From The Soho News (July 8, 1981). From today’s vantage point (fall 2016), I think I was much too needlessly unkind here to Blake Edwards, not to mention Paul Schrader. -– J.R.
Disney Animation and Animators
Whitney Museum of American Art.
through September 6
Written and directed by Blake Edwards
Postmodernism is a jive-ass, commercially-minded, art-related movement which seems to be guided by three central tenets or market strategies” (1) if it works, it’s art; (2) if it fails, it’s politics; (3) if it sells, it works. It also betrays an overall yearning aspiration to reconcile radically opposed positions, like Karl Marx and Ayn Rand. (If you had to boil it down to a single tenet, perhaps this would be Total Gross Precedes Essence, with Existence left out of the formula.)
The spiritual home and stomping ground of postmodernism is Southern California, although a lot of its promotional rhetoric seems to get pumped through New York channels. Its principal aim often appears to be to destroy the individual and combined existential integrity of both art and politics by turning them into the two faces of commerce, this making them “available” (at a price) to everyone. Postmodernism does, indeed, make a great deal possible today, It also makes a great deal literally unthinkable — – which sometimes gives me the creeps.
To get the full measure of what Disney Animation and Animators – an imposing array of artifacts occupying the entire second floor at the Whitney through September 6 – really means and is, one has to consider a three-way cultural merger taking place. The crucial mediating, postmodernist role is performed by Site, the flashy architectural, environmental arts organization that has installed the show at the Whitney with real imagination and flair — smoothly presiding (if not actually officiating) over this benign marriage of corporate monsters. Whitney Sites Disney, one is tempted to say, but also Disney Sites Whitney: two formerly unaffiliated body-snatchers, factory and museum, invade, consume, and exploit one another for mutual profit.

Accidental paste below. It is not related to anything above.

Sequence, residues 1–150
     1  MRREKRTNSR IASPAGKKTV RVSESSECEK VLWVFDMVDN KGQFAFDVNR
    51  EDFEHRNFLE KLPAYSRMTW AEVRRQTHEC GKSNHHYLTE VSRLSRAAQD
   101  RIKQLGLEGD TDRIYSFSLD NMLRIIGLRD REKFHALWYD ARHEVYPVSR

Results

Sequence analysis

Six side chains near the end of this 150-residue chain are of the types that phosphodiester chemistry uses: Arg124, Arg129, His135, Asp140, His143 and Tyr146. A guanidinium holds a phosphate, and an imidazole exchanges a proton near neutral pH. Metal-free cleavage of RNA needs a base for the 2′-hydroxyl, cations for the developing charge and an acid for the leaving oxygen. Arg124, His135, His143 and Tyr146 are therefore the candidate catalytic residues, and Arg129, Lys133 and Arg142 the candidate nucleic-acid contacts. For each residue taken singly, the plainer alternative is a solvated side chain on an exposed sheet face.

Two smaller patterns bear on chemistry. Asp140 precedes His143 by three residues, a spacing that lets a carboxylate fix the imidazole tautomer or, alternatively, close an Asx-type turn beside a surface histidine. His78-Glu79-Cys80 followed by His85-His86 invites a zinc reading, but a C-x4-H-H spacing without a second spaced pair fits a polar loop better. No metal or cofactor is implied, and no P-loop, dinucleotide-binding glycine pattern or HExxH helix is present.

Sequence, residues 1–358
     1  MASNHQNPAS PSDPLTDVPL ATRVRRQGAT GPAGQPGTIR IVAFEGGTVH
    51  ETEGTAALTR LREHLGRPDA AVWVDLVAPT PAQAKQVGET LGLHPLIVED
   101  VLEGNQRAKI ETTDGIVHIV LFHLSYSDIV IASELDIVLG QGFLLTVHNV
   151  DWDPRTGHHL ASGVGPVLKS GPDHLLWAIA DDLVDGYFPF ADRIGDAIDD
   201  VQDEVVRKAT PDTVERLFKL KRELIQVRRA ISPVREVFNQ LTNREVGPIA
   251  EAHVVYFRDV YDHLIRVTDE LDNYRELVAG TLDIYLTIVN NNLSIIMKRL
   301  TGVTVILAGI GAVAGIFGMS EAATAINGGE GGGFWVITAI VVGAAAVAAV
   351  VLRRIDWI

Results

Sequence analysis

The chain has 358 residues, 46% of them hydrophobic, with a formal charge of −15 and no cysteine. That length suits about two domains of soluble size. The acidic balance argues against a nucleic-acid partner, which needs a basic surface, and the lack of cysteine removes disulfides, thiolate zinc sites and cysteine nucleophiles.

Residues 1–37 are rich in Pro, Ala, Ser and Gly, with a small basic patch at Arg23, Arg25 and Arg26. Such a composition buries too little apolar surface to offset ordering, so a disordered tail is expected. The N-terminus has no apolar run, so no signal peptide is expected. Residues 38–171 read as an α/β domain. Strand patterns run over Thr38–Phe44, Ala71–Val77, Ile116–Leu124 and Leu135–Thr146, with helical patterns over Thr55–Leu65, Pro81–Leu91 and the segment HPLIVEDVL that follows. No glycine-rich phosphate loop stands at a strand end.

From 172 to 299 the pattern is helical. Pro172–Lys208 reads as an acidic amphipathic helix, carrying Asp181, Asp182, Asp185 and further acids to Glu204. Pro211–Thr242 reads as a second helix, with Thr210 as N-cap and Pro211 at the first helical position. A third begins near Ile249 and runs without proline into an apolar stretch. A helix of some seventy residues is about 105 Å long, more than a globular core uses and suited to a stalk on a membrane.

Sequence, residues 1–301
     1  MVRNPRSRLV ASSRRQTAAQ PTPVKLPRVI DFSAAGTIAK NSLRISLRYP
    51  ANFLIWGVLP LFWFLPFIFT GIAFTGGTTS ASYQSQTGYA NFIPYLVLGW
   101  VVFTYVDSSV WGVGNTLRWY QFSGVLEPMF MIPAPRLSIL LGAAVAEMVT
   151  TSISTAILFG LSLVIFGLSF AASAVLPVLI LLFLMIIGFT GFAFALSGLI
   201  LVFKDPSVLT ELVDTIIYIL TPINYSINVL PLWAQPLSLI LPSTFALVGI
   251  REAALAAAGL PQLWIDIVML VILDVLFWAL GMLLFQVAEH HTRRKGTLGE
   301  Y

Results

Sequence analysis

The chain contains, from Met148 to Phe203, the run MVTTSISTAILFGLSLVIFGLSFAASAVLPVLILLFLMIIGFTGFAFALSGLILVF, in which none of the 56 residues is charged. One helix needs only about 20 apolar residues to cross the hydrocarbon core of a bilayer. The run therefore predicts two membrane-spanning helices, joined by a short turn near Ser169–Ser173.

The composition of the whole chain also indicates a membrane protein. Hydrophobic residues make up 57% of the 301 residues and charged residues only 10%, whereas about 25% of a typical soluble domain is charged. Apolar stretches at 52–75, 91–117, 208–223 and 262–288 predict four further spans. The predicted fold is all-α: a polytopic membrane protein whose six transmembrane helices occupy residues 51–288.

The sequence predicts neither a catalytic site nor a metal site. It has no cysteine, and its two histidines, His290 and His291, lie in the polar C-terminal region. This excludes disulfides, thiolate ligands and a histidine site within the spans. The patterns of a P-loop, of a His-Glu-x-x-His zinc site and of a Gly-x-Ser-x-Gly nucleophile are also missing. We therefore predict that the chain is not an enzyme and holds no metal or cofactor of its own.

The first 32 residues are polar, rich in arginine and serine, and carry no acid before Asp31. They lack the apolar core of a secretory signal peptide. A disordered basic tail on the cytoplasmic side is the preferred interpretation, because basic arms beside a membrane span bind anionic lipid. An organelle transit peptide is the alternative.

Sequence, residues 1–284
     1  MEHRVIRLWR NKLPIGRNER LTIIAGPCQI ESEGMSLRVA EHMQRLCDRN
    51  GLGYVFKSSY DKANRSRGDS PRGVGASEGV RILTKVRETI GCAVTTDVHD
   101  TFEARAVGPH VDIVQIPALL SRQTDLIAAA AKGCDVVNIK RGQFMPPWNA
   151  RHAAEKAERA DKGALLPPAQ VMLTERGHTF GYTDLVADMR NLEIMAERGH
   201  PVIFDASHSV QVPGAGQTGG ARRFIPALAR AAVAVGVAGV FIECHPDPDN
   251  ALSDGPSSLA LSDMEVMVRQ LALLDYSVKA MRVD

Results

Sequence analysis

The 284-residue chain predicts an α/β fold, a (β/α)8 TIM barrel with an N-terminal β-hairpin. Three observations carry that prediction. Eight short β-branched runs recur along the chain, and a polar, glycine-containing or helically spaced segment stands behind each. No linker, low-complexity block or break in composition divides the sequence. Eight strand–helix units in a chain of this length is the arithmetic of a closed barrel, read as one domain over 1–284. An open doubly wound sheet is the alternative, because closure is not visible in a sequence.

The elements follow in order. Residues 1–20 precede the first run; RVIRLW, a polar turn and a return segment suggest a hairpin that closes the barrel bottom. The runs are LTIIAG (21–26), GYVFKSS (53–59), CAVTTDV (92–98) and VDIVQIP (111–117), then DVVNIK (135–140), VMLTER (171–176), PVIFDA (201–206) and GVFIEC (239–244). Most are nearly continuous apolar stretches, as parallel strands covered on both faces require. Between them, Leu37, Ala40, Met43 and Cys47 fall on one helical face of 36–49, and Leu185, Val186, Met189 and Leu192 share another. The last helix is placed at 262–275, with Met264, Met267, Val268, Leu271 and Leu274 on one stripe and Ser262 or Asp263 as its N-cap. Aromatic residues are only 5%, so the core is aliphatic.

Another three-way merger is taking place at the Whitnev between film, video, and gallery space – an intricate encounter of collaborations, accommodations, and compromises. The films, adding up to 21 separate programs that are mainly designated by the useful analytical categories coined by guest curator Greg Ford — ranging from “Discovery of Personality” in the fourth to “Nature: The Four Elements” in the eighth to “Star Vehicles” (tenth), “Wartime Cartoons” (eleventh), “Mood Musicals” (seventeenth), “Animal Movement” (nineteenth), and “Transfigurations” (twenty-first) – will be shown in the afternoons in the Whitney’s cramped, uncomfortable auditorium, unfortunately one of the worst places to see movies in Manhattan.